Author + information
- Received September 29, 2004
- Accepted October 6, 2004
- Published online March 1, 2005.
- Alan Rozanski, MD, FACC*,* (, )
- James A. Blumenthal, PhD†,
- Karina W. Davidson, PhD‡,
- Patrice G. Saab, PhD§ and
- Laura Kubzansky, PhD∥
- ↵*Reprint requests and correspondence:
Dr. Alan Rozanski, Division of Cardiology, St. Luke's-Roosevelt Hospital Center, 1111 Amsterdam Avenue, New York, New York 10025
Observational studies indicate that psychologic factors strongly influence the course of coronary artery disease (CAD). In this review, we examine new epidemiologic evidence for the association between psychosocial risk factors and CAD, identify pathologic mechanisms that may be responsible for this association, and describe a paradigm for studying positive psychologic factors that may act as a buffer. Because psychosocial risk factors are highly prevalent and are associated with unhealthy lifestyles, we describe the potential role of cardiologists in managing such factors. Management approaches include routinely screening for psychosocial risk factors, referring patients with severe psychologic distress to behavioral specialists, and directly treating patients with milder forms of psychologic distress with brief targeted interventions. A number of behavioral interventions have been evaluated for their ability to reduce adverse cardiac events among patients presenting with psychosocial risk factors. Although the efficacy of stand-alone psychosocial interventions remains unclear, both exercise and multifactorial cardiac rehabilitation with psychosocial interventions have demonstrated a reduction in cardiac events. Furthermore, recent data suggest that psychopharmacologic interventions may also be effective. Despite these promising findings, clinical practice guidelines for managing psychosocial risk factors in cardiac practice are lacking. Thus, we review new approaches to improve the delivery of behavioral services and patient adherence to behavioral recommendations. These efforts are part of an emerging field of behavioral cardiology, which is based on the understanding that psychosocial and behavioral risk factors for CAD are not only highly interrelated, but also require a sophisticated health care delivery system to optimize their effectiveness.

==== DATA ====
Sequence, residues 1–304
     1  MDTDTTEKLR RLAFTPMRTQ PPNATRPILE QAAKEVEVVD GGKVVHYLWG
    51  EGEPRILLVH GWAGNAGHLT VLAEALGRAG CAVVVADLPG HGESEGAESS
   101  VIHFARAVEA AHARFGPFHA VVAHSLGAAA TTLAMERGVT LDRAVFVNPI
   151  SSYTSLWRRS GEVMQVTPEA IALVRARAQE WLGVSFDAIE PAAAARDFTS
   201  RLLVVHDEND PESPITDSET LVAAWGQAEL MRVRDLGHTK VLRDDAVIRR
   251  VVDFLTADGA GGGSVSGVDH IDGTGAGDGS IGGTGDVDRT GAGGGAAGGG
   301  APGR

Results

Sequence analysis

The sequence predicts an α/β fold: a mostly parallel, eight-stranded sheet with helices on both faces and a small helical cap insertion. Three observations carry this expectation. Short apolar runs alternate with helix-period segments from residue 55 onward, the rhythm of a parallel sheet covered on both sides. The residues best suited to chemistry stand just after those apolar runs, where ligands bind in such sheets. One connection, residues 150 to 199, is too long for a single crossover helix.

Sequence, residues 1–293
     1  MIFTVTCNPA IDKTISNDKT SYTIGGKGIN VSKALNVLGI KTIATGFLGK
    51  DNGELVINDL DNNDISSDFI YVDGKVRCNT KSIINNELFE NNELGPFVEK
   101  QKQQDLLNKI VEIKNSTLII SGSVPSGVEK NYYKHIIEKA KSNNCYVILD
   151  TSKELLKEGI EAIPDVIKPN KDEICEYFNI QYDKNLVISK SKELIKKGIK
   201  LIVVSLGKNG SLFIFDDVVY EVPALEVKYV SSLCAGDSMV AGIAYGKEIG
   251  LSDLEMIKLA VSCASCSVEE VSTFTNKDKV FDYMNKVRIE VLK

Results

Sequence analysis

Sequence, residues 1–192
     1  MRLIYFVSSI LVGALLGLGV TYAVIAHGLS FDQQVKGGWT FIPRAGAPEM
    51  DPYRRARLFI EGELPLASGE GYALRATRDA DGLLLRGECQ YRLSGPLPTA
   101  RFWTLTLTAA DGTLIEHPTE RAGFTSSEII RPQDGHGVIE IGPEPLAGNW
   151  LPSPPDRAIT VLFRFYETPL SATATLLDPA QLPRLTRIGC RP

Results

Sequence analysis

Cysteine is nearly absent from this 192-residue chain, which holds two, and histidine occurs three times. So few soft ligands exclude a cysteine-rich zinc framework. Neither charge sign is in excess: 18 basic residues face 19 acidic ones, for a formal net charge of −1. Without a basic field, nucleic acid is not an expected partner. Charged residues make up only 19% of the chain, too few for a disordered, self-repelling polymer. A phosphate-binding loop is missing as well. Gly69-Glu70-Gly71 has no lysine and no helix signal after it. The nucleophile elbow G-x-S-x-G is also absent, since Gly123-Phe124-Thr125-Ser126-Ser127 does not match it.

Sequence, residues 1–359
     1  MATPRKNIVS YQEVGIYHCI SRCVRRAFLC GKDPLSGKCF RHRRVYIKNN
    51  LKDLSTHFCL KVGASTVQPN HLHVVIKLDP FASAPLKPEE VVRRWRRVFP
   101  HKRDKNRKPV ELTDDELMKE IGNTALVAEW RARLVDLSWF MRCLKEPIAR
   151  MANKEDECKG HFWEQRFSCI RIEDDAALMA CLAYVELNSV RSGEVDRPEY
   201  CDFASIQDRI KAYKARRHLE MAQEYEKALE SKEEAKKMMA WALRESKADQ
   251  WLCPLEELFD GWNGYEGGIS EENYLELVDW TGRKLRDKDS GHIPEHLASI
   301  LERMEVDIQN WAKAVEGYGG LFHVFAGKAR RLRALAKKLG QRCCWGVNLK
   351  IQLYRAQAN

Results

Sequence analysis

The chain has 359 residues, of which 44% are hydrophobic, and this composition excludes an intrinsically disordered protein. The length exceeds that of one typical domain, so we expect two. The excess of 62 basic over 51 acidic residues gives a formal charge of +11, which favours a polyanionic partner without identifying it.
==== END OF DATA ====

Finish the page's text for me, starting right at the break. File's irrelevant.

- Received September 29, 2004.
- Accepted October 6, 2004.
- American College of Cardiology Foundation